Hosted by the AWRC’s neurological rehabilitation research theme, this seminar explored technological solutions to the challenges surrounding exercise and physical activity for people living with a neurological impairment, including examples from co-design and clinical implementation studies.
Jo and Hannah are MSc Occupational Therapy at Sheffield Hallam University. They recently completed a 12-week research placement at the AWRC on the Active Wait project. The project aims to help people in Sheffield needing hip and knee replacements to remain as active as possible while they wait for their surgery.
Elysa's PhD uses a socio-ecological framework to focus on physical activity after Gestational Diabetes. The work is realist-inspired, going through iterative cycles of refinement to better understand what could work to increase physical activity uptake and maintenance for women after Gestational Diabetes.
Cavan's doctoral research aims to develop an ecological framework that guides collaboration between practitioners. This is intended to improve the design of machine learning and computer vision technology in athlete development programs, which in turn will improve the skill development of athletes.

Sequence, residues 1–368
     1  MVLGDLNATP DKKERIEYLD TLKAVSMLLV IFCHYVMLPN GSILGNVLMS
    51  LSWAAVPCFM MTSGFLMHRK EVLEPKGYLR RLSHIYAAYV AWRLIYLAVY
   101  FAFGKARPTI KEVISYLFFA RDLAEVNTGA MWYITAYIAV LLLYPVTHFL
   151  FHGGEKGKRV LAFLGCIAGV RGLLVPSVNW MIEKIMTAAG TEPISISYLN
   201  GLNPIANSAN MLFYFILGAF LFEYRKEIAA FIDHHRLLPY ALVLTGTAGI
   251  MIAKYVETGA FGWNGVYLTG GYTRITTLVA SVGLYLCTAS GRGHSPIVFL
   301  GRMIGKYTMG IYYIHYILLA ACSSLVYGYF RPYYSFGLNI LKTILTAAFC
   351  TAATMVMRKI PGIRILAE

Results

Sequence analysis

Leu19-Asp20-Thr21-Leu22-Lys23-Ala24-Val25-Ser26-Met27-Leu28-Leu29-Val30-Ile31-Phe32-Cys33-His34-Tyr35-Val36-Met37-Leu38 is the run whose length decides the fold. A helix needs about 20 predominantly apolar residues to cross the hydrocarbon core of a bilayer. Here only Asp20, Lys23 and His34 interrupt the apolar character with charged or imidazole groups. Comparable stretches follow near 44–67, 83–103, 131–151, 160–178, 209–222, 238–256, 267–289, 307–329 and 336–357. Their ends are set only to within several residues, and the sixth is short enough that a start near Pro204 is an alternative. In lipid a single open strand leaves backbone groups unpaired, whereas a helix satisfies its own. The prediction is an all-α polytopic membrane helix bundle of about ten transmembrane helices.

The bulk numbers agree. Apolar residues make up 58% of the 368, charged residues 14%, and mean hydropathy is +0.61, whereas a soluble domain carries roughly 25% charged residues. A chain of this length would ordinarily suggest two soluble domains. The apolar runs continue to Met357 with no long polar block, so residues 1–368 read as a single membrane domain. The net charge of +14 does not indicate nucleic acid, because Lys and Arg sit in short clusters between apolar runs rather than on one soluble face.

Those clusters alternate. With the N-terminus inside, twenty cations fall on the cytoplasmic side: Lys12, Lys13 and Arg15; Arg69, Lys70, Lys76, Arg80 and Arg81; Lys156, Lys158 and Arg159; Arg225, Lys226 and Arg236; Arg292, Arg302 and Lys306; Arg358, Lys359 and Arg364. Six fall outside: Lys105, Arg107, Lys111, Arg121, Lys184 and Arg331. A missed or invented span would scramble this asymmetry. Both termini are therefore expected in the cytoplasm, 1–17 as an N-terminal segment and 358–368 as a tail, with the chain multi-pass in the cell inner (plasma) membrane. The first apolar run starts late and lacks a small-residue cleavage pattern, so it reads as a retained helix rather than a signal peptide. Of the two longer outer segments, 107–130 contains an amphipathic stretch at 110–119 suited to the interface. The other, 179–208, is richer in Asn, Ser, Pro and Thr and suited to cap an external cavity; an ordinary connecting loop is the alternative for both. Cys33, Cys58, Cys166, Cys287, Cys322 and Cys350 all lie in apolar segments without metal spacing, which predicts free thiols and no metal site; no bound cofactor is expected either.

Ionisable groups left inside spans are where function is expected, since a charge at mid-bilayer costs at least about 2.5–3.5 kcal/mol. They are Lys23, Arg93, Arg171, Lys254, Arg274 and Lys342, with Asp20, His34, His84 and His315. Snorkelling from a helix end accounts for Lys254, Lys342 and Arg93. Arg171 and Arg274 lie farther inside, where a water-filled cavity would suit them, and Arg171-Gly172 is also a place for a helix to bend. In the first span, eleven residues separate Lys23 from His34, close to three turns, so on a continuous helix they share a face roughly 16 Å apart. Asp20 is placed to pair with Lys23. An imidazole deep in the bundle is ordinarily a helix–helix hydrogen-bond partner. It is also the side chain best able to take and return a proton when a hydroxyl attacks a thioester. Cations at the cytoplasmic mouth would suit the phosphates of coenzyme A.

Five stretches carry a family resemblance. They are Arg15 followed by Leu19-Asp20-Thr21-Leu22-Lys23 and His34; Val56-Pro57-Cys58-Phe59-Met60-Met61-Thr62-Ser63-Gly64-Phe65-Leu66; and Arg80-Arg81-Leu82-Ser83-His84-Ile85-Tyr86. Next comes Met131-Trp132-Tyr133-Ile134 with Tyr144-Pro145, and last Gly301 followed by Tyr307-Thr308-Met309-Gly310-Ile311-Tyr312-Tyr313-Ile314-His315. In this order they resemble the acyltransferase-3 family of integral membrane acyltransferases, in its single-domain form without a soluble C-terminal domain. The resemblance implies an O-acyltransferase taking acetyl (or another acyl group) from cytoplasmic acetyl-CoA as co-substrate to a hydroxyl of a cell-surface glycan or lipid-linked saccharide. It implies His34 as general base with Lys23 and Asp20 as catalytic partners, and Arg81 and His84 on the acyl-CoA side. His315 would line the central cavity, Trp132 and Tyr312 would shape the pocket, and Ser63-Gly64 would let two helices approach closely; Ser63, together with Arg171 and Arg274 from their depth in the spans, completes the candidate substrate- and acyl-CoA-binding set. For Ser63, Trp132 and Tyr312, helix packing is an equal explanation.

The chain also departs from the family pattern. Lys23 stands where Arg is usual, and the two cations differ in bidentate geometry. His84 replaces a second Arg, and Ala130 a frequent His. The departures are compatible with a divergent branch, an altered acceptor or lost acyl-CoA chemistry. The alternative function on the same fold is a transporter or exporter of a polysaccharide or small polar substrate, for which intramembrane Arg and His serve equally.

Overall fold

Megan's PhD research looks at how we can use social prescribing in specialist weight management services for children and young people, specifically within Complications of Excess Weight (CEW) clinics.
This seminar, hosted by the AWRC’s Technological and Digital Innovations to Promote Independent Lives research theme, showcased research into sssistive robotic systems which have the potential to support various health and care services, help independent living, and even simulate affection to reduce loneliness.